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Supply Chain by the Numbers
   
 

- July 20, 2012

   
  Supply Chain by the Numbers for Week of July 20, 2012
   
 

US Logistics Ranking Improves; Internet Sales Tax Ban Falling; China Cozies Up Still More to Africa; Ocean Shippers to Pay Big Bucks to Developing Nations?

   
 
 
 

$25 Billion

The amount of money that IMF Christine Lagarde, head of the International Monetary Fund, said could be raised through emissions taxes on air and ocean freight carriage. That, she said, would be a juicy 25% of the total $100 billion being thrown about as needed “for climate adaptation and mitigation in developing countries.” That in turn has to do with deals that have been discussed for the past several years in which richer nations would help poor ones transition to low emissions economies, or pay them to in effect forego some economic growth. In the end, this means that shippers/importers would be paying for these programs. Wow.

 
 



 
 
 

5-10%

The price advantage on-line rivals often have over Lowes relative to not having to charge sales tax, the company told the Wall Street Journal this week, after it published an article saying that a variety of factors are moving towards ending the tax exemption for on-line merchants. Amazon.com is giving up its fight against the tax, the story said, but probably because its rapidly growing network of DCs means it will have a physical presence in so many states (and thus have to collect sales taxes for orders shipped to those states) that it wants to make sure its rivals also have to pay. This change could alter some of the current e-commerce dynamics – and also put more pressure on e-merchants to wave shipping costs.

 
 
 
 
 
3.93

The composite US score on the third Logistics Performance Index from the World Bank, which rates the logistics effectiveness of 155 nations based on six criteria, from efficiency of the customs clearance process to track and trace capabilities. Each attribute is rated by appropriate freight forwarders on a scale of 1 (low) to 5 (high), and then averaged. The US placed ninth this year, up from 15th place in the 2010 report, behind number 1 Singapore, which averaged 4.13.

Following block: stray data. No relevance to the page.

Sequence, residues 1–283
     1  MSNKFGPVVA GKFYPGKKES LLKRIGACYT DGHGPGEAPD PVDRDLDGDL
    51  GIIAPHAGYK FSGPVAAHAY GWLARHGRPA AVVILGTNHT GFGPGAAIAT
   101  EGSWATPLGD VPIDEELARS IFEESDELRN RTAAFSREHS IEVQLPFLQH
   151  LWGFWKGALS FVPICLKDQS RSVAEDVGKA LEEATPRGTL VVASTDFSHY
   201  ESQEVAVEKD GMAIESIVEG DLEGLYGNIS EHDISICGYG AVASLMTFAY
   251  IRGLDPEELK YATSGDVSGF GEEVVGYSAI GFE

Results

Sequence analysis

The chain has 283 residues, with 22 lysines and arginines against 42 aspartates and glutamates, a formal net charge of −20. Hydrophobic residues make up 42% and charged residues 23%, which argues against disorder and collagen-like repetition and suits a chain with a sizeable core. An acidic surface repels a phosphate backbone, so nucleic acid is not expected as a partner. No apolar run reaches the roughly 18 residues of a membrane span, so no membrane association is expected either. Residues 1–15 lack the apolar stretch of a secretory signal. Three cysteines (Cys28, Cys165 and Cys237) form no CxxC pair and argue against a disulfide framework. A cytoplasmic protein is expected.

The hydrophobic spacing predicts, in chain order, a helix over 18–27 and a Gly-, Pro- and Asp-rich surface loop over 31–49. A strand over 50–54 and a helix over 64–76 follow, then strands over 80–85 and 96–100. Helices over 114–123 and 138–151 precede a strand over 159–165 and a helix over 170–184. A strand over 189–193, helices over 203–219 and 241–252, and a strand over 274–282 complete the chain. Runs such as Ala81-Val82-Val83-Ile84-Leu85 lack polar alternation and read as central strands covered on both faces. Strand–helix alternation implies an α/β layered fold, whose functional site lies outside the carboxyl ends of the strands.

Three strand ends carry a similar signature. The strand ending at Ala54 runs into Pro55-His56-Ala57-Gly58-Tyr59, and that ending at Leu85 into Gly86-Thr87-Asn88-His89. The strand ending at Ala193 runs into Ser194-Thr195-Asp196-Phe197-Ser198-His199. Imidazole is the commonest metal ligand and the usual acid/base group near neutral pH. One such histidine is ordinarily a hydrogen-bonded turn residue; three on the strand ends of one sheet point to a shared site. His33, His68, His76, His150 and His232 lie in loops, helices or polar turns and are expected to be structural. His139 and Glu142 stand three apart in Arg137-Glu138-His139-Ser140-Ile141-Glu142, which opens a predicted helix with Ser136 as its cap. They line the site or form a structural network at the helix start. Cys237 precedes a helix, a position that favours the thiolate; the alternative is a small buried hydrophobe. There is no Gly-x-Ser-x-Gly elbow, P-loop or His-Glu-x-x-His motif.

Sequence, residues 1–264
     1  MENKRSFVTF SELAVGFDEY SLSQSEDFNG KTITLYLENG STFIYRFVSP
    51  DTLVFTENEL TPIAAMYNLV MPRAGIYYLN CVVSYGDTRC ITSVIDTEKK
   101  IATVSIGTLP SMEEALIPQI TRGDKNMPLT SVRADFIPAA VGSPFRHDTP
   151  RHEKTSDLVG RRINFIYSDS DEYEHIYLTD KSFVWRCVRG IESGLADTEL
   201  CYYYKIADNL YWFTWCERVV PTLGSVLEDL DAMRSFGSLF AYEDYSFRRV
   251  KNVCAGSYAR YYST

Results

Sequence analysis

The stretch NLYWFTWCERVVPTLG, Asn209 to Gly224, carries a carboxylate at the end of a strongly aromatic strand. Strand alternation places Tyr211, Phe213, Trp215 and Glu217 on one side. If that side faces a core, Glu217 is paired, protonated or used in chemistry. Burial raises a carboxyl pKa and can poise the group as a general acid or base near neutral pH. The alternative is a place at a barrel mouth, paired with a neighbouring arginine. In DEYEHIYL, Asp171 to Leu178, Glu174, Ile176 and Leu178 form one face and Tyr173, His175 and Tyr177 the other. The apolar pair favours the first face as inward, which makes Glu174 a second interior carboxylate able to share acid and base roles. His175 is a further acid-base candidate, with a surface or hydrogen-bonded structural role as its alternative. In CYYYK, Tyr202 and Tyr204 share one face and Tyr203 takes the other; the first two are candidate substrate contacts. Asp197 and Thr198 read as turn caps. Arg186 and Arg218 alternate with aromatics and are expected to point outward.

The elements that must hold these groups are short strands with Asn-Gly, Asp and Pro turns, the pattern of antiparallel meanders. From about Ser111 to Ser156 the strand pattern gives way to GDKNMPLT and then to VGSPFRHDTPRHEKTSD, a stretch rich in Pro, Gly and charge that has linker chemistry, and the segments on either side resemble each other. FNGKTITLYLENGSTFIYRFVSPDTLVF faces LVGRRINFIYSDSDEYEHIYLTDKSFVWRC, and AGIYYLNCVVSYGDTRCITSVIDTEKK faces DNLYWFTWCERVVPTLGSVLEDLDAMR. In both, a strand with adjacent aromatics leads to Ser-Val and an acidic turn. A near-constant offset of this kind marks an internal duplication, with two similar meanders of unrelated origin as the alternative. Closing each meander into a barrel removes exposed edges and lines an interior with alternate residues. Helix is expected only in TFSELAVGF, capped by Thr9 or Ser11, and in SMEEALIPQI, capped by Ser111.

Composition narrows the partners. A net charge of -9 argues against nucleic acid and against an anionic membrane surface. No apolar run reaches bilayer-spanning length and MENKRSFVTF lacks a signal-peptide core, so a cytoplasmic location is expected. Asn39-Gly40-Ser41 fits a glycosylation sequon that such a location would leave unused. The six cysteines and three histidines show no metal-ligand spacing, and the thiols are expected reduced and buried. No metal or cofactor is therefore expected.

$20 Billion

Amount of money China said this week it will make available in low cost loans to African nations for infrastructure, agriculture, and other projects, as China continues to use its economic clout and vast foreign currency reserves to win influence in the resource-rich continent. China’s trade levels with African countries have double in the past six years. However, South Africa’s president said that the current model where African nations ship commodities to China and get back Chinese made finished goods was “unsustainable” in the long term.

 
 
 
 
 
 
Feedback
2008-10-03

Oct. 3, 2008

There are valid reasons for both the DC and DSD distribution models, but neither should determine the store assortment, which depends on the consumer.

The Distribution Center model makes sense when you have many prepackaged products which are continuously replenished and require little in-store servicing. With the facility justified, you can also add seasonal and holiday 'in and out' products which can share the distribution network.

The key is to manage the time supply of inventory in the warehouse and distribute it efficiently.

The Direct Store Delivery model can be implemented purely as a distribution method or also allow the manufacturer to manage some of the in-store merchandizing.

I do not see any advantage of using DSD simply to deliver merchandise. Although it may help the 'mom and pops' that are on the same route as a large retailer, the DSD model must be more expensive. Once the big drops are removed, it will become more costly to reach the independent retailers but the larger retailer must benefit.

If DSD is used to support in-store merchandising, then you have a different story. The manufacturer's representative can give their products the individual attention that increases their sales. The bad thing is that they can also load up the store with inventory if no one is watching.

Bill Bittner
President
BWH Consulting



 


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